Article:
The BBC is not responsible for the content of external Internet sites


This entry is now closed for comments

Jump to comments pagination
  • rate this

    Comment number 36.


  • rate this

    Comment number 35.

    There are dangers in isolating autistic kids in special school environments in that they could be even less likely to cope with normal society. A over-protective environment with all these repetitive behaviours accepted may be storing up issues for later. Especially with the fluidity of work likely to increase with new times. Encouraging change resistance may give a peaceful present but later?

  • rate this

    Comment number 34.

    re:3. stonycreek
    'Middle ground' kids have the support in schools already, its up to the parents and teachers to access it. Thanks to council and LEA cuts there is zero support for my child and others like him who are 'higher functioning ASD' upon assessment. Should he lose out on a good education because he cannot fully cope in a classroom due to his genes not being 'middle ground' or 'gifted' ?

  • rate this

    Comment number 33.

    The idea is great, but autism is just one challenge to cater for. Perhaps it would be better to build a school which could cope with numerous personality and ability ranges, not only those related to autism?

  • rate this

    Comment number 32.

    what about the middle of the road childen who are overlooked as they have no 'disability' to gain them extra support?
    This sort of obtuse, insensitive & discriminatory view makes my teeth itch.

    The 'middle of the road children' (what on earth does that mean anyway?) receive an education appropriate to their needs.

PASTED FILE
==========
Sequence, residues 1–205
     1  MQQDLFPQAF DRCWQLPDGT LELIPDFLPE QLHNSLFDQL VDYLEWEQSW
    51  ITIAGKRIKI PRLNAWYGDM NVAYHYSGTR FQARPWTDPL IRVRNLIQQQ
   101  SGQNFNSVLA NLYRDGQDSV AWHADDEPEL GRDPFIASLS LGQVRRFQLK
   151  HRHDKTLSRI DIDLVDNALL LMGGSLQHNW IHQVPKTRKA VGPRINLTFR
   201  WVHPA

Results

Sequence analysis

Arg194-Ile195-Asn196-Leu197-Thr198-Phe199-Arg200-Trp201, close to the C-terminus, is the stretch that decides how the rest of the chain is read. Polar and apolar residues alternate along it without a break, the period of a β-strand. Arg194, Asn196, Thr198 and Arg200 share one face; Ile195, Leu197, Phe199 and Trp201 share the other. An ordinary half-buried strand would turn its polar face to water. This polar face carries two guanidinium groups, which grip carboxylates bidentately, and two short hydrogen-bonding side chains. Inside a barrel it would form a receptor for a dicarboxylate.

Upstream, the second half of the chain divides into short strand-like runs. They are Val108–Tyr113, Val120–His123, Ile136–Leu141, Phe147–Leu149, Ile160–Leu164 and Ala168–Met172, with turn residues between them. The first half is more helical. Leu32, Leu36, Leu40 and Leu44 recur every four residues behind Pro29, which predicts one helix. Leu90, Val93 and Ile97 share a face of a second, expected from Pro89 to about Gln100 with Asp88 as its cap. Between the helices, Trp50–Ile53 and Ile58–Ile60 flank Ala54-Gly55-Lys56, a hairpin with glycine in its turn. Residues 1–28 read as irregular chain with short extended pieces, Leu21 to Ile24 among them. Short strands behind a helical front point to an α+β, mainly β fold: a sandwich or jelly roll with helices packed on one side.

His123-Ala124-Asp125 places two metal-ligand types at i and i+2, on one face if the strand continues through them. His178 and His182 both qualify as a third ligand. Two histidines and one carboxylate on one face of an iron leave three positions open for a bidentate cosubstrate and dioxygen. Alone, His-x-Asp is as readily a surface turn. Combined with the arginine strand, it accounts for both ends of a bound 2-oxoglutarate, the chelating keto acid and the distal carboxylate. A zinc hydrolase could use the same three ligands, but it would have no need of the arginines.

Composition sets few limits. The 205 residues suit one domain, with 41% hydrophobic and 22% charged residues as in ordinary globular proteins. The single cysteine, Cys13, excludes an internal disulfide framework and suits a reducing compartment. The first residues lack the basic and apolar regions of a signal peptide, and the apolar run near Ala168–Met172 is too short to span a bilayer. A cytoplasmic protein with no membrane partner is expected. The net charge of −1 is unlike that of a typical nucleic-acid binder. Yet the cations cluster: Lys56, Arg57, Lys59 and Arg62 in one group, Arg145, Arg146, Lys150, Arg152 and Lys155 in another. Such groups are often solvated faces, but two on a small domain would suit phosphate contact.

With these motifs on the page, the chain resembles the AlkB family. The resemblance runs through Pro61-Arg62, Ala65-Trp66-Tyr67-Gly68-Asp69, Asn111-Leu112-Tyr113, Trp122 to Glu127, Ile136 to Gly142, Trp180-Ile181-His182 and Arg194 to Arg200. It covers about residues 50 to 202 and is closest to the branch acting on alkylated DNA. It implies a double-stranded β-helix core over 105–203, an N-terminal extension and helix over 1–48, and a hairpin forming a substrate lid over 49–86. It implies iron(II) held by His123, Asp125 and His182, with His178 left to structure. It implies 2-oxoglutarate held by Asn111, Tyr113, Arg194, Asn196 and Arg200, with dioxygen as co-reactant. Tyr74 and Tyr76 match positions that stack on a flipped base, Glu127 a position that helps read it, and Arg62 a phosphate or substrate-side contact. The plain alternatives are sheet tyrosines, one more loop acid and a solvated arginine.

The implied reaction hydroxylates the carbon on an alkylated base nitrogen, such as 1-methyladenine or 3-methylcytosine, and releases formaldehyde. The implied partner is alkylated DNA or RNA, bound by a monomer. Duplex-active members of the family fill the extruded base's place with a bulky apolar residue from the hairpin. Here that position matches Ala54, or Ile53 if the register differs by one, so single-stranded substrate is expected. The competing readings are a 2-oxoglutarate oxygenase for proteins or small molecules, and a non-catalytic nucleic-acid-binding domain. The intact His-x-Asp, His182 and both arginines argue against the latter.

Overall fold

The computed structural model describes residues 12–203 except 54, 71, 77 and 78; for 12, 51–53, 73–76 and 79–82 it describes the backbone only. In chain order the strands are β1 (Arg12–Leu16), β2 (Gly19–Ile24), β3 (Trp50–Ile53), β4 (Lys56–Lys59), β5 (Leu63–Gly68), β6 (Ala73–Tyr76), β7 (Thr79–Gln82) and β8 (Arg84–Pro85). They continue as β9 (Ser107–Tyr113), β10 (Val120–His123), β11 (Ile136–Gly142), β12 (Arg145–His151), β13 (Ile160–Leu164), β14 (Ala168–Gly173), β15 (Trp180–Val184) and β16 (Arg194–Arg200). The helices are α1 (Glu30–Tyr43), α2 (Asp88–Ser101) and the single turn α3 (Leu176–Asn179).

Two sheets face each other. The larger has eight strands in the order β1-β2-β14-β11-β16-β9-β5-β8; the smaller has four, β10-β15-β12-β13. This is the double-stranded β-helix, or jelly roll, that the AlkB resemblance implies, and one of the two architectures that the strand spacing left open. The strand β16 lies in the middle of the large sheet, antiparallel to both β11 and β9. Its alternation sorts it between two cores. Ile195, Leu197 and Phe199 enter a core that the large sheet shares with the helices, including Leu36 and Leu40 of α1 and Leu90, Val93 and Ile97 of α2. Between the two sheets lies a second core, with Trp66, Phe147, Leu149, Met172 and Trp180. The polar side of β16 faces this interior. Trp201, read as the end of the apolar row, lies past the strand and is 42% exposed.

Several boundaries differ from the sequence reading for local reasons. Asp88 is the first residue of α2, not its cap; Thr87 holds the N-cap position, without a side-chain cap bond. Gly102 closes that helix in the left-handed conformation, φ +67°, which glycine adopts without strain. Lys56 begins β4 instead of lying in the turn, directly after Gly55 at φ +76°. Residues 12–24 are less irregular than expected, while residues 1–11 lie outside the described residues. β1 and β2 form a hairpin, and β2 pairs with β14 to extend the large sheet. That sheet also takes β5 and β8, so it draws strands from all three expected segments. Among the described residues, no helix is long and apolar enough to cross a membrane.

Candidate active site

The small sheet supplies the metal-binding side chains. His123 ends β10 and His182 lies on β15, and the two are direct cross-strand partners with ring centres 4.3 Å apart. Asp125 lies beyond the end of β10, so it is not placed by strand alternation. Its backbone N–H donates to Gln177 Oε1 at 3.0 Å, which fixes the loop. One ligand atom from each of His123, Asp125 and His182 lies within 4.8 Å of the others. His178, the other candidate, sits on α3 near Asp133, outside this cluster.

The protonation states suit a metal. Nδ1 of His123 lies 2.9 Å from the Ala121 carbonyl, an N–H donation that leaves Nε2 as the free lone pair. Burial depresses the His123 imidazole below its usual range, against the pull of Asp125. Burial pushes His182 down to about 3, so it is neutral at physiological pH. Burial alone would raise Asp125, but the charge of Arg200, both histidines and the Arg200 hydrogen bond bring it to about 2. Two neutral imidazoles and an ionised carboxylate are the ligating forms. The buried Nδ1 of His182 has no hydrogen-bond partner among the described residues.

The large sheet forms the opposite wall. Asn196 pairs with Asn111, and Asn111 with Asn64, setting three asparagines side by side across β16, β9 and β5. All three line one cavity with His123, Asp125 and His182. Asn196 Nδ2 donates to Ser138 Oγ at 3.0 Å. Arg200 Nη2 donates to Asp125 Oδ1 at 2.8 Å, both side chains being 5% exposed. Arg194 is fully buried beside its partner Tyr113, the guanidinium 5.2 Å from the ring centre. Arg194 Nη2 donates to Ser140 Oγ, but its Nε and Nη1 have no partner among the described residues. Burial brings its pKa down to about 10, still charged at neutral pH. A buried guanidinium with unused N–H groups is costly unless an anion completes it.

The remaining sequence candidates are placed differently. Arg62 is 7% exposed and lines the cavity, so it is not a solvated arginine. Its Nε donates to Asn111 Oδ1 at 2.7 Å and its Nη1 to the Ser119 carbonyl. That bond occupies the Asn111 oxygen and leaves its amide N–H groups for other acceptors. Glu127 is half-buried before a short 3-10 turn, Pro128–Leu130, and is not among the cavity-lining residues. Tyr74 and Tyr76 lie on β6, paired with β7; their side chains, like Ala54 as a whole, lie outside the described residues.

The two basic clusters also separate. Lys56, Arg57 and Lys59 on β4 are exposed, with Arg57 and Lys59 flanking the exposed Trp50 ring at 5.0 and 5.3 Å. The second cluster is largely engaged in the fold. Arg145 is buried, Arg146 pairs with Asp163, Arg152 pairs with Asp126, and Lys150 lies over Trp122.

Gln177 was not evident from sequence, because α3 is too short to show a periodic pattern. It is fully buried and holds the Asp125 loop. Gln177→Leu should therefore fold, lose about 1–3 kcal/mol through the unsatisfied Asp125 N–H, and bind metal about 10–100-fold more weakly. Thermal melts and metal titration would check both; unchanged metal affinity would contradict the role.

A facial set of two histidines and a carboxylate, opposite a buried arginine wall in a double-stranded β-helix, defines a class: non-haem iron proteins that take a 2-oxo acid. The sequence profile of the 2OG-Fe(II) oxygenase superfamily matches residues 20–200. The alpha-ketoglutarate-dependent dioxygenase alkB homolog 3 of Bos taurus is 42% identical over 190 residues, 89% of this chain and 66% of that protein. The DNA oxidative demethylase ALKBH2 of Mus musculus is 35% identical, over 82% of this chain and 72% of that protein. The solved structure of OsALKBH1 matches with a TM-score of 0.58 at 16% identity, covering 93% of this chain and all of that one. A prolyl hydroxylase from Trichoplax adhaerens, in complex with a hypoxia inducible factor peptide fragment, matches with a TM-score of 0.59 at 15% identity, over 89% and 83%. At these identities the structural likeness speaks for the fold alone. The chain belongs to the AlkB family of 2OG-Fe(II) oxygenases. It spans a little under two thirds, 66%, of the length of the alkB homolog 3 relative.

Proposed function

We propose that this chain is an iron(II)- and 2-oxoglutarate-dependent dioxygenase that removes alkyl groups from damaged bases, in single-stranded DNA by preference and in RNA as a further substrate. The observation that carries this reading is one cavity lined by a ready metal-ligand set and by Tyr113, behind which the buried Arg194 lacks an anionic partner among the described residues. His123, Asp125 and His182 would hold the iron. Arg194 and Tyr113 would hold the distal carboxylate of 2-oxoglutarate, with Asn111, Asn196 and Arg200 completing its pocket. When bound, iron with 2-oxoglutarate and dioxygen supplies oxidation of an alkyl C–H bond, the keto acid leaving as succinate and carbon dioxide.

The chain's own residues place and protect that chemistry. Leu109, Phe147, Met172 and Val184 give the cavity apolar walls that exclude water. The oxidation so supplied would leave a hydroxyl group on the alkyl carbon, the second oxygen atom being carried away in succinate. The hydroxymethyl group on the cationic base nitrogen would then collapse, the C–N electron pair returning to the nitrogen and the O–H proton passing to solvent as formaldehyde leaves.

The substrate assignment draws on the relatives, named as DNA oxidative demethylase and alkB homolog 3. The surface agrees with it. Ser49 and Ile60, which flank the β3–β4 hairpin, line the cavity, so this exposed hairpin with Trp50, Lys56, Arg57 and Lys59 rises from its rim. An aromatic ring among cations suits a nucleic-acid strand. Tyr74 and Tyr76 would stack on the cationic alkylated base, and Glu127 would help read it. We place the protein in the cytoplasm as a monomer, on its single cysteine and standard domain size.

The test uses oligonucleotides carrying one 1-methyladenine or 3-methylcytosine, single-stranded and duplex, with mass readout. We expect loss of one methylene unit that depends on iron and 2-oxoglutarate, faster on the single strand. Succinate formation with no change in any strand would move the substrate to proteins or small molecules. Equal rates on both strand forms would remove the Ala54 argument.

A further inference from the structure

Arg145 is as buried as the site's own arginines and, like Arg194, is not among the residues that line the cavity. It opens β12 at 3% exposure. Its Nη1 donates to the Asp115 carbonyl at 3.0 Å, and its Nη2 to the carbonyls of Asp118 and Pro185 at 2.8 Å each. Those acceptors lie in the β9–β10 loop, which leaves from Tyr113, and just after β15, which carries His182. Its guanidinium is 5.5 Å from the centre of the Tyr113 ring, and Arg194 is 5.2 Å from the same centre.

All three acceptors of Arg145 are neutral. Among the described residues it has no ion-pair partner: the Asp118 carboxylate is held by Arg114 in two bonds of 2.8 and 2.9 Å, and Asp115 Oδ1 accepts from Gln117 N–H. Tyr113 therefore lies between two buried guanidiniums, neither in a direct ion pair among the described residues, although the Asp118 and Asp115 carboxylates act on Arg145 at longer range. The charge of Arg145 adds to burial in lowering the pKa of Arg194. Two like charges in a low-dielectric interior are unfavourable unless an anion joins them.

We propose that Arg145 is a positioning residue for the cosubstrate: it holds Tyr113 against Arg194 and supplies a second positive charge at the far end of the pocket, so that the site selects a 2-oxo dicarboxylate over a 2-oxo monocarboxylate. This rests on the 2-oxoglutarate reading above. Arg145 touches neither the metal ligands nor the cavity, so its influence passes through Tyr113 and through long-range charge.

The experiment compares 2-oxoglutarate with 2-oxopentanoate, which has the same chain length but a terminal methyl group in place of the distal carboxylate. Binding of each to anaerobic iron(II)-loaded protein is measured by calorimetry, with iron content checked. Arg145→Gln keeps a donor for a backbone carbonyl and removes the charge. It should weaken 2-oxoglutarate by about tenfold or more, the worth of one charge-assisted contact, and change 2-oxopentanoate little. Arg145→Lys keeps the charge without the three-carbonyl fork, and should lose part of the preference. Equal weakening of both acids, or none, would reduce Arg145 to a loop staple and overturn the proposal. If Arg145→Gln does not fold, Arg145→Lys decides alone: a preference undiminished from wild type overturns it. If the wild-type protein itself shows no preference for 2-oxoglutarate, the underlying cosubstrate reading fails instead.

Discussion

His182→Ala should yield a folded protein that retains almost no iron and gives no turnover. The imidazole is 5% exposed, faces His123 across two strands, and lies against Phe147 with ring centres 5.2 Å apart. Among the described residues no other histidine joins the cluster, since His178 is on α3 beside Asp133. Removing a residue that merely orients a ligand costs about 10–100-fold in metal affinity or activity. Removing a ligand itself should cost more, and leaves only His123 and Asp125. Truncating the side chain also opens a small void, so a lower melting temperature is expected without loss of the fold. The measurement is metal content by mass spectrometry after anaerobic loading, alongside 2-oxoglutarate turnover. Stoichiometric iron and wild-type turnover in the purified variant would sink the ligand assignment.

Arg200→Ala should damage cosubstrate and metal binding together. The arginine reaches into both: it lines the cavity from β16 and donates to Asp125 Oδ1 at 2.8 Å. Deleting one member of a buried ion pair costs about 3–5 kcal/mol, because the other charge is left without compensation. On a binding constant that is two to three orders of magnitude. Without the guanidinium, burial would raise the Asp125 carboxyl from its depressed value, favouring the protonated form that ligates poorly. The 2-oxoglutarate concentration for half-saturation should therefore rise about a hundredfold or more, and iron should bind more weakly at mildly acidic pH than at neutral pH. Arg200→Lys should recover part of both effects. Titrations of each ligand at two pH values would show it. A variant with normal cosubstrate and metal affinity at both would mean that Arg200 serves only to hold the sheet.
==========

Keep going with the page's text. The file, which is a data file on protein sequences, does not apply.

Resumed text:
Do you wish to deny ASD children the same right?


  • rate this

    Comment number 31.

    It's so different now. . . . . . .It took me 9 years of going backwards and forwards to get help for my son, who was eventually diagnosed at 15. . . . .All those years of being thrown out for being 'disruptive' and having a 'bad' attitude. . . . . He's only 19, so still lots needs to be learned

  • rate this

    Comment number 30.

    In principle, a good move but I am wary of the dangers of autistic individuals ending up in a well meaning ghetto with limited chances to interact & learn to cope with everyday life & non-autistic people.

    As for '10' - getting on with life as in the 50's, that's also when asbestos was safe & smoking was good for you. We know better in 2013.

  • rate this

    Comment number 29.

    I have no experience of Autism at all, however I think this is a fantastic idea - to create an environment where each child is treated as an inidividual and which will bring out their special skills. Maybe, in the future, we will have more entrepeneurs from this, as these are the gifted children that have the bright ideas.

  • rate this

    Comment number 28.

    All kids with speciall needs need special education. I had a student whose intelligence was awesome but he performed badly because he was ahead of his teachers and bored rigid. His country does not have schools for geniuses like him, which is a lose-lose situation. Russia, on the other hand, does have schools for extrordinarily gifted children. That's one thing they got right.

  • rate this

    Comment number 27.

    Surely this is the specialist area which Free Schools are intended for. A school with 18 children is never going to be financially viable (assuming those 18 are of different ages and abilities, and therefore need multiple teachers plus a headteacher, support staff etc) but if it really does benefit those children then it's worthwhile.

    Most Free Schools seem pointless, maybe not this one though!

  • rate this

    Comment number 26.